Rikes, The Met, Donenfeld’s, and now Elder-Beerman, to name just a few local stores that will never be forgotten.
Though Elder-Beerman has been a fixture in the community for many years, it won’t be long until shopping there will just be a memory. Elder-Beerman is far from the first major retailer in Dayton to close. It’s in good company of others stores that will never be forgotten.
Everyone who is old enough has memories of shopping at the downtown Rike’s, which for generations was the mecca of area retail stores. Rike’s moved to Second and Main Streets in 1912, where it remained until its implosion in 1999. Rike’s stretched across a city block, in the space where the Schuster Center now resides, and was over 9 stories tall. Everything from furniture, antiques, housewares, sporting equipment, televisions, pets and clothing for all members of the family was sold.
Rike’s also had several eateries, including the Gold Coin Room, where models would walk around displaying the latest fashions. I must have been too young, because instead I remember eating at the cafeteria in the mezzanine. My best memories of Rike’s is from Christmas time and pictures with Santa. A whole Winter Wonderland was developed, highlighted by the historic christmas window displays of robotic elves and animals (still displayed during the holiday season at the Schuster Center). In addition to downtown, Rike’s had branch stores in Kettering, at the Salem Mall, Upper Valley Mall, and the Dayton Mall. At the time of its closing, Rike’s had changed its name to Lazarus, but was never resurrected.
Another well-remembered shopping destination is the Arcade. Even those who never visited, is familiar with the building from all the discussion over the seemingly last 20 years about what to do with the building. The Arcade opened in 1904 and has been closed since 1991. It originally housed a major food market, with retail stores, offices and apartments on the upper floors. A renovation in the 80’s transformed the Arcade into a retail shopping and food center. It featured a collection of boutiques, kitchen supply stores, book stores, a Coca-Cola museum and several other stores. My fondest memories of the Arcade is the fresh fish that my dad would buy at its Seafood Store to fry at home. It was really good fish. The Seafood Store and McCrory’s, a nickel and dime store, were the last two remaining tenants of the Arcade.
I was in the Arcade at least once, and though I’m rarely struck by the architectural design of a building, I remember being awed by the Arcade. A particularly stunning site that left an impression on me was the glass-domed rotunda atop the building. The Arcade is on the National Register of Historical Places. The opportunity to make a new of memory of the Arcade, or be reminded of old ones, is Saturday May 5, as the Arcade will be open for tours during the Downtown Housing Tour from 1 p.m. to 5 p.m. Information about the tour, organized by the Downtown Dayton Partnership.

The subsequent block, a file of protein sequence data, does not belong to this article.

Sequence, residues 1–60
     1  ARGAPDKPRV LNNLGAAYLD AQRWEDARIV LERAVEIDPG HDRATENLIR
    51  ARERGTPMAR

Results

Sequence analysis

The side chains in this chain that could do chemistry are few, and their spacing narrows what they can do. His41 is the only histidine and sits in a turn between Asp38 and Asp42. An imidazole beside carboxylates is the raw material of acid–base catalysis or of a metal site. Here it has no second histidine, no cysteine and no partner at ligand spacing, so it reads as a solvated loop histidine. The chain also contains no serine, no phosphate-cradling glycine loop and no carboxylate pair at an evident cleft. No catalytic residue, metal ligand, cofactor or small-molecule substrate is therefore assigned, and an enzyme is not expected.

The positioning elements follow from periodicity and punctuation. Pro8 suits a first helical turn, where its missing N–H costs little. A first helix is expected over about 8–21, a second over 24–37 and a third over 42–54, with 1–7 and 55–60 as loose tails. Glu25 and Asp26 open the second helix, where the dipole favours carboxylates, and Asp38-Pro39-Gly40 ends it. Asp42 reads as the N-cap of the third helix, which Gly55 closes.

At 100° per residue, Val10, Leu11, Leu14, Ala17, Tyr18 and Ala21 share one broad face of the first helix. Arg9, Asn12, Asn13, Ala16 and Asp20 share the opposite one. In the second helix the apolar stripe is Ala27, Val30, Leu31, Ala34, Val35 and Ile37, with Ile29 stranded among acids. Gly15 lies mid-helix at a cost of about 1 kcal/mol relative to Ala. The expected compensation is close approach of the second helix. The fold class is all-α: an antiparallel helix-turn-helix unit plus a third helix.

There are also a couple well remembered stores from downtown Dayton that were more high-end. I don’t believe I ever stepped foot in them, but anyone who was shopping for a fur coat, three piece suit, designer dresses or anything else elegant was a frequent visitor. One of those retailers was Donenfeld’s. The largest homegrown women’s clothing store in the region, Donenfeld’s billed itself as a complete store for women, misses, teens, and tots. Men’s clothing was also carried. Donenfeld’s was opened from 1924 to 1992, and had outlets in the Salem Mall and Dayton Mall. When it closed, Donenfeld’s was still profitable, but its owner was ready to retire and he couldn’t find a suitable buyer.
The other high-end retail store, brings New York City to mind, but was actually in the Gem City. On Main Street, where The Loft Theatre and Uno Pizzeria & Grill are was home of The Metropolitan (The Met). The Met was one of the first stores to branch out into the suburbs and anchor other shopping malls. In the seventies, there were also Met’s at the Town & Country in Kettering and in the Salem Mall.
While remembering the shopping trends of the past, mention must also be made of Downtown Dayton Day. Held twice a year. Downtown Dayton Day was when the stores held big sales and the area was bustling with women shoppers (some men too). Downtown Dayton Day was also profitable for RTA as they had a rise in bus riders to downtown. Rike’s would also have White Flag Days at the end of every months, when white flags were hung along the outside of the building to pronounce the month end clearance event.
Other stores that longtime shoppers may remember from downtown are Thal’s, DH Peer, Giddings, Lenore Zapolean, and Billy Lewis’s. The memories from shopping at such stores will forever remain priceless.
Mike Woody is a life long resident of Dayton, and has a passion for writing, which is good because he doesn't excel at much of anything else, except eating.